The gameplay and graphics work in tandem to make my biggest gripe about Bladeslinger. While the framerate is decent in general, things could get a little choppier than what I personally found acceptable when the action got really heavy, especially when there was fire on the screen. Since my Iconia Tab is about as technologically advanced as a VCR at this point, I couldn’t test on anything more than my phone, but the iOS reviews indicate a great framerate throughout. Whether this is a test build issue (something I was told I shouldn’t see too much of, save for the item descriptions), an Android fragmentation thing, or a general game issue, I won’t know until I get my hands on a final release… but I have a sneaking suspicion it’s one of the last two items. Whatever it is, I’m super curious to find out.
Because of this, the action can get a little too frantic at times… something that can be a bit of a pain with such a skill-based system. To be clear, this is not a game that rewards button-mashing or thoughtless play. While this is generally a good thing, I found myself getting frustrated with trying to manage everything going on at once. It didn’t happen often, but I encountered it frequently enough that I thought it bore a mention.
Otherwise, the controls are great. As Kerosene cofounder Brett Seyler noted in our recent interview, the Android version comes out of the “box” with both a standard, one-hand option, as well as a more advanced two-hand, virtual-stick option. Both options work well, though I prefer the finesse and control granted by the latter. Being able to choose whether to punch, shoot, roll, or whatever else by way of a button press or gesture lends itself much more to my personal playstyle, and made killing that annoying elite mob or boss a lot more rewarding because of it.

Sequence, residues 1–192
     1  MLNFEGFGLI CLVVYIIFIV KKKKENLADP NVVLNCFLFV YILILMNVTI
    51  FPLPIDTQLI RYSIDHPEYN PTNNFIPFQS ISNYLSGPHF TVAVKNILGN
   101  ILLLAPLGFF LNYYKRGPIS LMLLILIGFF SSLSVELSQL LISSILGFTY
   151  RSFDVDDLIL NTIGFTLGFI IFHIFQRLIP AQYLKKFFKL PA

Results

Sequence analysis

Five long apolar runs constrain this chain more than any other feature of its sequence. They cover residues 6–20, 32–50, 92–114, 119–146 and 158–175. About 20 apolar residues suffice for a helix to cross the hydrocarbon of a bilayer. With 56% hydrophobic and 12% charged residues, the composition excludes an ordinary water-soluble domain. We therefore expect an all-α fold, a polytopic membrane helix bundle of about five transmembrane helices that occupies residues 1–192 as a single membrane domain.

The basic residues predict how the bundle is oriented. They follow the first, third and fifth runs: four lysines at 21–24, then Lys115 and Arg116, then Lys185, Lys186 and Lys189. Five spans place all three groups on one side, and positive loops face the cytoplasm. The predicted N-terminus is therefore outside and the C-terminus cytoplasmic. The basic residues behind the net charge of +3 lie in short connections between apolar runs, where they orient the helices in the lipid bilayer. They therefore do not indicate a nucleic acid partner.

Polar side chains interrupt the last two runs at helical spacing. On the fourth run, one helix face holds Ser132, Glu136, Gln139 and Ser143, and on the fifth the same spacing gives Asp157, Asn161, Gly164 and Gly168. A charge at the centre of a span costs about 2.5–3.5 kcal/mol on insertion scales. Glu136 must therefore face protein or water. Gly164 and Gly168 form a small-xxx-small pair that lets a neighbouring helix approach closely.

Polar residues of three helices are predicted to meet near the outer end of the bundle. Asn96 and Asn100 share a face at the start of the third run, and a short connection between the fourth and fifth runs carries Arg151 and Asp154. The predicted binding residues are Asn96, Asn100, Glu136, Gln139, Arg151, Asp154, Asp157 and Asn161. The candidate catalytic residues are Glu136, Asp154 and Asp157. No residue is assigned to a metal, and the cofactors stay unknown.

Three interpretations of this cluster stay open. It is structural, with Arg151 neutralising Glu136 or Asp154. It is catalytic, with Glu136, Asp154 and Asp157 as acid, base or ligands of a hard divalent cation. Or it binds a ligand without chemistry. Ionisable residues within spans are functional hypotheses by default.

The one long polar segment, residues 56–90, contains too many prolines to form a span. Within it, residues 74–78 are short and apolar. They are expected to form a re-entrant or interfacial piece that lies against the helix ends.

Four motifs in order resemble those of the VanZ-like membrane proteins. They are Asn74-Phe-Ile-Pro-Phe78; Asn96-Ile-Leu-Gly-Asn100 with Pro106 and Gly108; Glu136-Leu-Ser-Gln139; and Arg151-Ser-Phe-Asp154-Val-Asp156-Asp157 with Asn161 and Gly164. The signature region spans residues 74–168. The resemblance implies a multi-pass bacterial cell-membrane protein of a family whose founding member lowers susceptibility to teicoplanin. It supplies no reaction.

Finally, it’s worth noting that both the campaign and arena game modes are a blast, and it’s really cool that your stats (money, gems, upgrades, etc.) carry over across each. The campaign is your basic story mode, of course. The arena, on the other hand, throws William in a hopeless, wave-after-wave situation, which is perfect for a short slaughter session. It’s also a good way to make some quick cash for upgrades/health ups if you find yourself stuck in the story mode.
Bladeslinger is a very, very good game. I’m not sure if I should be upset Kerosene made us Android folks wait that much longer to play it or thrilled that we finally get a chance to. Especially with the Play Store’s 15-minute return policy, there’s absolutely no reason you shouldn’t give this a shot if you’re at all curious… because, again, it rules. Hard. Really hard. Forgive the fifteen year old’s lingo here, because it’s true. Try it and tell me I’m wrong.
Note: As I finished this review the game released on the Play Store, though the final version only shows as available for download on my Iconia. As soon as I get clarification as to when the GSIII version comes out, I’ll update you all on the framerate issues I experienced in the early build. Thanks for reading!
Evan Wade: Galaxy SII, Acer Iconia Tab